1. domain, range, and trig

well anyways, I'm working on applying domain and range to trig functions. I had a sheet of about 10 questions and 2 bonus ones. I got one bonus, but not the other and need help with another one on the work sheet.

Find the domain and range of:

f(x) = 2sin^-1(3x+4)-1

g(x) = sqrt[tan^-1(x^2 - 2) - pi/4]

2. Originally Posted by Mr_Green
f(x) = 2sin^-1(3x+4)-1
Let us begin with the domain.
The domain of y=asin(x) is [-1,1].

Thus, for the function,
f(x)=2asin(3x+4)-1

We require that,
-1<=3x+4<=1
-5<=3x<=-3
-5/3<=x<=-1

Now the range.
To find the range we use my little trick.
"The range of y=f(x) are all y such that the equation y=f(x) has at least one solution for x in the domain".

We begin by writing,
y=2*asin(3x+4)-1
Thus,
y+1=2*asin(3x+4)
Thus,
(y+1)/2=asin(3x+4)

In order to have a solution i.e.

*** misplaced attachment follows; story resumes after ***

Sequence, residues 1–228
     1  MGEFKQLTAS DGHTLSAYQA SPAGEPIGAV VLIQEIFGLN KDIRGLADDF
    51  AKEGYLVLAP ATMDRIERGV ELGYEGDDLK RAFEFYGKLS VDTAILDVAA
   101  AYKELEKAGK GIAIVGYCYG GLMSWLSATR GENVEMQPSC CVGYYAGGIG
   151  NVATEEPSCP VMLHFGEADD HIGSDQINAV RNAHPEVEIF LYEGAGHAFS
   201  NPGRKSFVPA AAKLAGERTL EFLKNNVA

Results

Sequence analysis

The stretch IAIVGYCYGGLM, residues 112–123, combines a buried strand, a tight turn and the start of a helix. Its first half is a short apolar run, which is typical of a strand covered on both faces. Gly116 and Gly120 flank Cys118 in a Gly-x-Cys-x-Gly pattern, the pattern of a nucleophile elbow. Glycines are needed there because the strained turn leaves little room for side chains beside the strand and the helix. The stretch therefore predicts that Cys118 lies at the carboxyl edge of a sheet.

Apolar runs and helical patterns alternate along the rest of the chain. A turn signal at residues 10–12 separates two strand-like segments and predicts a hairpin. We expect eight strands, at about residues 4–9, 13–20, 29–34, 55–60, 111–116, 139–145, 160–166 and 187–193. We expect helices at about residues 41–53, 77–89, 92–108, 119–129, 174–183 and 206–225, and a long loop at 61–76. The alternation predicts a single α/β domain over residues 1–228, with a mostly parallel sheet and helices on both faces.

(1/3)sin((y+1)/2)-4=x

We require that,
-pi/2<=(y+1)/2<=pi/2
-pi-1<=y<=pi-1

3. Originally Posted by Mr_Green
g(x) = sqrt[tan^-1(x^2 - 2) - pi/4]
Begin with the domain.

We notice that atan(x) is always defined for any x.

However, since there is a square root we have,
atan(x^2-2)-pi/4>=0
atan(x^2-2)>=pi/4
Take tangent of both sides (since the function is increasing).
x^2-2>=1
x^2>=3
x>=sqrt(3) or x<=-sqrt(3)

Now the range.
Begin by writing,
y=sqrt(atan(x^2-2)-pi/4)
In order to have a solution we require that y>=0 (because otherwise the square root is always positive).
Thus, if y>=0 then,
y^2=atan(x^2-2)-pi/4
y^2+pi/4=atan(x^2-2)
To take the tangent of both sides, that is,
tan(y^2+pi/4)=x^2-2

We require that,
-pi/2<=y^2+pi/4<=pi/4
Solving,
-sqrt(pi)/2<=y<=sqrt(pi)/2
But we already know that y>=0
Thus,
0<=y<=sqrt(pi)/2

Thus,
tan(y^2+pi/4)+2=x^2
To have a solution in the domain we require that,
The left hand side is positive, which it is, because y>=0.
Thus, the range is,
[0,sqrt(pi)/2]